At Taylor’s murder trial, the judge refused to allow Taylor to cross examine a witness about certain dismissed felony counts and allowed two ballistics expert reports into evidence. The panel affirmed. It held that the dismissed felony charges were unrelated to the murder and allowing the charges into evidence would have required the solicitor to testify why the charges were dismissed. Thus, the trial court did not abuse its discretion by prohibiting questioning on these charges particularly as Taylor was allowed to question the witness about pending charges. As to the reports, they merely detailed the expert’s findings and did not bolster her testimony.
Husband appealed the family court’s failure to give him special consideration for a piece of inherited property and for granting divorce on the basis of habitual drunkenness. The panel affirmed as modified. It held that husband was entitled to special consideration for the lot received from his mother in exchange for waiving any claim against her estate. After proper credit, the panel reduced the amount awarded to wife to effectuate the equitable 55/45 split in favor of husband. The panel held that while the family court applied the wrong evidentiary standard, the record supported a finding by preponderance of the evidence that husband was habitually drunk in that he testified he drank several Scotch whiskeys daily and four witnesses gave evidence of specific incidents where he was drunk and verbally abused wife.
While a participant in job and life skills training at Strong, Simmons fell while performing services and suffered a neck fracture. He field for temporary disabilities benefits through workers compensation. The commission determined he was a volunteer or gratuitous worker and denied benefits. The panel affirmed. It held that Simmons was undergoing job and life skills training in lieu of incarceration, was not paid wages nor did he have any expectation of receiving wages. Thus, he was not an employee and his claim was properly denied.
Williams sought on appeal to have her permanent disability payment increased, her bladder issues compensated and paraplegia compensated. The panel refused and affirmed the workers compensation commission. It held that the commission properly relied on the form 20 submitted by employer as it was the best evidence available for Williams’ wages at the time of her accident. As to the bladder and paraplegia, the panel noted that Williams did not raise these problems with her caregivers while seeking treatment for the fall and was observed walking without assistance during surveillance. Thus, substantial evidence supported the commission’s denial of these claims.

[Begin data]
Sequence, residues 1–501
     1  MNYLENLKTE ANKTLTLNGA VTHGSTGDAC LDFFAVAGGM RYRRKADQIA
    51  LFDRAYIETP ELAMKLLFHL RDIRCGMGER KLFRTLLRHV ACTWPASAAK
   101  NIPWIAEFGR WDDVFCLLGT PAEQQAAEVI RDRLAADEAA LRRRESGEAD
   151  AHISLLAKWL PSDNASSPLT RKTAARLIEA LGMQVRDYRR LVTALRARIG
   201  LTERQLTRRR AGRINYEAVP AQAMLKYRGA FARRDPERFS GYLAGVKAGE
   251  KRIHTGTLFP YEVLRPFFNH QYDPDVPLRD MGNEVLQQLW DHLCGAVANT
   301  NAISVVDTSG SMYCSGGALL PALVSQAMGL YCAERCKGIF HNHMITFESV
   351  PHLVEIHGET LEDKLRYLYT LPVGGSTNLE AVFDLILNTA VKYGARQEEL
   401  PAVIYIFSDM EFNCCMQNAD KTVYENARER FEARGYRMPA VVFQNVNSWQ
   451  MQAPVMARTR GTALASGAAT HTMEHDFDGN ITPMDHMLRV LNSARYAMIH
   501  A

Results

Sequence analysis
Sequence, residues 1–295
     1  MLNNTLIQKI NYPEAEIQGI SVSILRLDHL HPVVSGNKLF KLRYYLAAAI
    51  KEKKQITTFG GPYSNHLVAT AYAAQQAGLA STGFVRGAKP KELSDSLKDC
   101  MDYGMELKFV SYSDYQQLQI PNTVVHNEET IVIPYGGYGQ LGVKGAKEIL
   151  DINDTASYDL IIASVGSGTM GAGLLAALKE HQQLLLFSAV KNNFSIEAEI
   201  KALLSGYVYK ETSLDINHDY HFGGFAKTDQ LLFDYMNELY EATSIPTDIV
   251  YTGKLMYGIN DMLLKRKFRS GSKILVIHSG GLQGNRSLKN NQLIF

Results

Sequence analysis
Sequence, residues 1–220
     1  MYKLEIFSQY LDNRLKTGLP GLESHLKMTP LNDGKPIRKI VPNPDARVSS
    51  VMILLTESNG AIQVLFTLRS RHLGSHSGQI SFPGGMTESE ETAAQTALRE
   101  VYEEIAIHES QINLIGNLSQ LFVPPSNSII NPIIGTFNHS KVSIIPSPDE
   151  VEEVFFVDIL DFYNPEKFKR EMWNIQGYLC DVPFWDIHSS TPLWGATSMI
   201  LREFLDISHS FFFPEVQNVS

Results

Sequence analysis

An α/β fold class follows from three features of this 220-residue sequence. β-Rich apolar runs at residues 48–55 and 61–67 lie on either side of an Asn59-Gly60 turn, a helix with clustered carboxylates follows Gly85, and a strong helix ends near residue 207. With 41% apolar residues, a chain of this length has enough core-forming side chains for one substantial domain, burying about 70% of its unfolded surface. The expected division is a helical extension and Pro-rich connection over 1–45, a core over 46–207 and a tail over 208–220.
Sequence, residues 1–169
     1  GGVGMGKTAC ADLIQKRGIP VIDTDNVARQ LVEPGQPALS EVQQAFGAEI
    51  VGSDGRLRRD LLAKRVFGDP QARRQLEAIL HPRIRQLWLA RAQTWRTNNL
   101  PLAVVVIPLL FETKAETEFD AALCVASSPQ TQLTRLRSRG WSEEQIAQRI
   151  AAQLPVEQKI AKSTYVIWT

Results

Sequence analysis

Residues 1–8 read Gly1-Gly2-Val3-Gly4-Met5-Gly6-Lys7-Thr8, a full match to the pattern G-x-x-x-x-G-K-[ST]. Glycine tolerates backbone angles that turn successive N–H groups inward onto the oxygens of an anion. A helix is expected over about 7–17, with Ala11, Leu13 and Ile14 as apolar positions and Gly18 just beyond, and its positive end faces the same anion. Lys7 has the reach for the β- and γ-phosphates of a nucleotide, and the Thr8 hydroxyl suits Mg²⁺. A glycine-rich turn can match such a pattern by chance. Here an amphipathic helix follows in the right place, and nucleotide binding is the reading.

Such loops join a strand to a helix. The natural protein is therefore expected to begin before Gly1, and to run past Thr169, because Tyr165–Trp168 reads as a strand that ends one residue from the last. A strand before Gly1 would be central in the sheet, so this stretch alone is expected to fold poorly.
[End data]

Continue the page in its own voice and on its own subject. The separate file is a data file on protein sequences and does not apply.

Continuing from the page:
Sapp sued wheeler as guarantor of a lease. The jury returned judgment in favor of Sapp. The Panel affirmed. It held that the trial court properly denied wheeler’s motion for directed verdict as he guaranteed the lease, the lease called for future damages in case of breach and Sapp had no reason to bring suit until all rental payments stopped in 2008. The trial court also properly denied a statute of limitations charge as the claim against Wheeler accrued in 2008 which is also when Sapp sued. Finally, the panel held the jury verdict against Wheeler and the original leasing entity were not inconsistent as the entity stopped making payments several years before Wheeler did and had been administratively dissolved by the time of suit. The jury found the entity breached a different contract from Wheeler’s guarantee and the damages were within the bounds of the evidence presented.
Independence sought and received a reformation of its mortgage to subordinate another lien on certain property. The Panel reversed. It held that Independence was not entitled to reformation as the holder of the superior lien was not a party to the mortgage and courts cannot add terms to the mortgage. Further, equitable subrogation was not proper on these facts as the attorney handling the closing actually knew about the superior lien through a title search and this knowledge was chargeable to Independence.
On burgess’ petition for post conviction relief, the trial court ordered a new trial on the ground that trail counsel was ineffective for not requesting a jury chare on the issue of Burgess being absent from trial. The panel held that the state failed to preserve the issue of prejudice as it failed to raise the matter in a Rule 59 motion. Thus, the panel affirmed.
Vail sought post conviction relief on the ground that his trial counsel was ineffective for failing to object to numerous hearsay statements in his child sex abuse case. The trial court denied his petition. The panel reversed. It held that the statements at issue were hearsay in that they were offered to prove Vail had sex with a minor girl. Further they were outside the permissible time and place statements allowed under the rules of evidence. The panel rejected trial counsel’s argument that allowing the statements was a valid trial strategy holding that the statements improperly bolstered victim’s credibility and in one instance brought up rumors of other inappropriate relationships. None of this served the asserted goal of building up Vail’s credibility. This inadequate representation prejudiced Vail as there was no physical evidence of the alleged abuse and the victim’s testimony was critical in proving the state’s case. Thus, a new trial was ordered.